Ice Volcanoes on Pluto May Be “Recent”
A new analysis of images taken by the New Horizons in 2015 has found that several giant ice volcanoes on Pluto were active in the geologically recent past.
A new analysis of images taken by the New Horizons spacecraft as it flew by Pluto back in 2015 has found that several giant ice volcanoes were active in the geologically recent past. These findings suggest that Pluto managed to hang on to its internal heat longer than previously thought, and that could change our perspective on other bodies in our solar system.
The results were published in Nature Communications and led by Kelsi Singer.
Ice volcanoes, as you probably expect, are different from the terrestrial lava-based volcanoes we have on Earth and other planets such as Venus and Mars. Instead of fountains of lava, ice volcanoes have a “thicker, slushy icy-water mix or even possibly a solid flow like glaciers,” according to Singer. And the ones on Pluto don’t match what we’ve seen on other icy worlds in our solar system. Singer goes on to explain: The features on Pluto are the only vast field of very large icy volcanoes and they have a unique texture of undulating terrain… we believe they could be as young as a few hundred million years or even younger.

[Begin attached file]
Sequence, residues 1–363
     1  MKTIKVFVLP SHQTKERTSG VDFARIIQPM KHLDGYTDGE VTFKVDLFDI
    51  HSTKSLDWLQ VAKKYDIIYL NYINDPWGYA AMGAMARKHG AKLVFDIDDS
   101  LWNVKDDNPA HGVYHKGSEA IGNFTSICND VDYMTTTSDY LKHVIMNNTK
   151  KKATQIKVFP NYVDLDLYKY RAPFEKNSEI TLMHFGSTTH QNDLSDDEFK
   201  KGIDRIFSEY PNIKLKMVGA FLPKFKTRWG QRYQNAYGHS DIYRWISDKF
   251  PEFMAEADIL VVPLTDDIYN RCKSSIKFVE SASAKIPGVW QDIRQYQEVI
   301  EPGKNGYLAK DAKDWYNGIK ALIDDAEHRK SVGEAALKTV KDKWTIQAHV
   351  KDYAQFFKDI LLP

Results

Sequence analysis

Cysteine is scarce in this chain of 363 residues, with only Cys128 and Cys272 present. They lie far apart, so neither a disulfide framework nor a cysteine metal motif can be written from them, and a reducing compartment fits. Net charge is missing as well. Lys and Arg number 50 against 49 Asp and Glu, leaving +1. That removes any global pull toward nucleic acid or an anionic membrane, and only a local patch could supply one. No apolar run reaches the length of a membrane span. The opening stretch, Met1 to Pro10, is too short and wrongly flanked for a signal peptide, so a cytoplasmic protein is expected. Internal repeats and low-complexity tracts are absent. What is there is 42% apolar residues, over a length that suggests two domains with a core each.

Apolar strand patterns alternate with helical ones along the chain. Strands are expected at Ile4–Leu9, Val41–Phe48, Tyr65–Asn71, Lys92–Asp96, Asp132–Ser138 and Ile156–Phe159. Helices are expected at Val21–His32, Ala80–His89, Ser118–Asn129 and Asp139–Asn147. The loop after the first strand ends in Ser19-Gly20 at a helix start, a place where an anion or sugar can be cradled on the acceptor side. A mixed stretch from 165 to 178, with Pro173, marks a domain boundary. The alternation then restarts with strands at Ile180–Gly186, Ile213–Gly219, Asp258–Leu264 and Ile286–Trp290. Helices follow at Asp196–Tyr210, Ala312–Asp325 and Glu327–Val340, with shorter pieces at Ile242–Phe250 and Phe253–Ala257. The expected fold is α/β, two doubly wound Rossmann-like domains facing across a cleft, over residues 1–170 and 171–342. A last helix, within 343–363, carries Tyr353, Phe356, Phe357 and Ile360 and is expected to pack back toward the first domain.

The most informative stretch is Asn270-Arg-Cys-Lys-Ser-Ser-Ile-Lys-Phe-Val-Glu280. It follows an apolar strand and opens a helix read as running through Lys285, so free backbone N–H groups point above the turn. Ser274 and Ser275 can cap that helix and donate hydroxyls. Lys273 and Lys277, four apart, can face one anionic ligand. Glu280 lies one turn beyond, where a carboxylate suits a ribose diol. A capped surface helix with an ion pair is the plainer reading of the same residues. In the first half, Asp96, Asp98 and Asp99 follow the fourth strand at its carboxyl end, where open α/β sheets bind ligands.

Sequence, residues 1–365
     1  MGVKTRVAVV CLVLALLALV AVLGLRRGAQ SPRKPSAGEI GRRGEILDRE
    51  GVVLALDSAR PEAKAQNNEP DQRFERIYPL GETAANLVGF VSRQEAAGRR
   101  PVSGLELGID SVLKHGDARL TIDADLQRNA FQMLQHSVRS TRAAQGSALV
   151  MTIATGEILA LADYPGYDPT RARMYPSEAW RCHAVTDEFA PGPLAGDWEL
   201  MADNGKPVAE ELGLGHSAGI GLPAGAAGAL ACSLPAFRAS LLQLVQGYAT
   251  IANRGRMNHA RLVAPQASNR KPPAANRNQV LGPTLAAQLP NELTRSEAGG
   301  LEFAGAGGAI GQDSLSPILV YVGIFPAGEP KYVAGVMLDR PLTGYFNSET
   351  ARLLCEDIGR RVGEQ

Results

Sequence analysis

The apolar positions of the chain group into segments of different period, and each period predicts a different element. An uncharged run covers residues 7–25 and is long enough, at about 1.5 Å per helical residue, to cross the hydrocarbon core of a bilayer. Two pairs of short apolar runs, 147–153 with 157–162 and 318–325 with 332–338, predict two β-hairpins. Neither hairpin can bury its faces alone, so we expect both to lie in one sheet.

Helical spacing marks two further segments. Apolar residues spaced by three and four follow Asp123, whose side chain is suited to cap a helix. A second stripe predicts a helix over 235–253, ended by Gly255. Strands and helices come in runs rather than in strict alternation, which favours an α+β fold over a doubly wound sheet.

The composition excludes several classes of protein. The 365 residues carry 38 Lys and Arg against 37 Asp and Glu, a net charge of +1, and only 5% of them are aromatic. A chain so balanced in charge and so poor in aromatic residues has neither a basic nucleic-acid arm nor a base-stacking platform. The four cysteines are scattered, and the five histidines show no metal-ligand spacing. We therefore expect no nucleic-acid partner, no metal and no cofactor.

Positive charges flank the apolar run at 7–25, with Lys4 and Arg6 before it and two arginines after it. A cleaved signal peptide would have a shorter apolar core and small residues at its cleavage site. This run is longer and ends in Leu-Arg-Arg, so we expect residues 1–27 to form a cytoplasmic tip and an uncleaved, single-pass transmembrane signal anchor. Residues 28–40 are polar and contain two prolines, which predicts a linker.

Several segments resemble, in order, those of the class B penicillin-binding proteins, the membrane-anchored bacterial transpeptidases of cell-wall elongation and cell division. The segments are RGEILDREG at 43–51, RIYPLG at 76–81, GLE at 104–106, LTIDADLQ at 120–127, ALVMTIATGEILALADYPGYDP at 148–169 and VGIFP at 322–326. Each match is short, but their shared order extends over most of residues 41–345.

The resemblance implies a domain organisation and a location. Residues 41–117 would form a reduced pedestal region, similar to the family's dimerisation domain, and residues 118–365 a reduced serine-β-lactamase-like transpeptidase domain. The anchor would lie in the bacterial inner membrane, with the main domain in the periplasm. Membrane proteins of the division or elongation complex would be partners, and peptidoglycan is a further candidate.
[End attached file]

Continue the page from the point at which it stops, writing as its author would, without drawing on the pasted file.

Even more intriguing, the region is pretty clear of impact craters, so these eruptions could still be happening. And one of the possible cryovolcanoes, Wright Mons, is huge — five kilometers high and 150 kilometers wide, with the same volume as Mauna Loa in Hawai’i.
I think Singer summed up the discovery best when she said: I love the idea that we have so much left to learn about the solar system. Every time we go somewhere new, we find new things that we didn’t predict — like giant, recently-formed ice volcanoes on Pluto.
We love the idea, too, and we look forward to more stories like this as we continue to gain insight into our own solar system.
SwRI press release
“Large-scale cryovolcanic resurfacing on Pluto,” Kelsi N. Singer et al., 2022 March 29, Nature Communications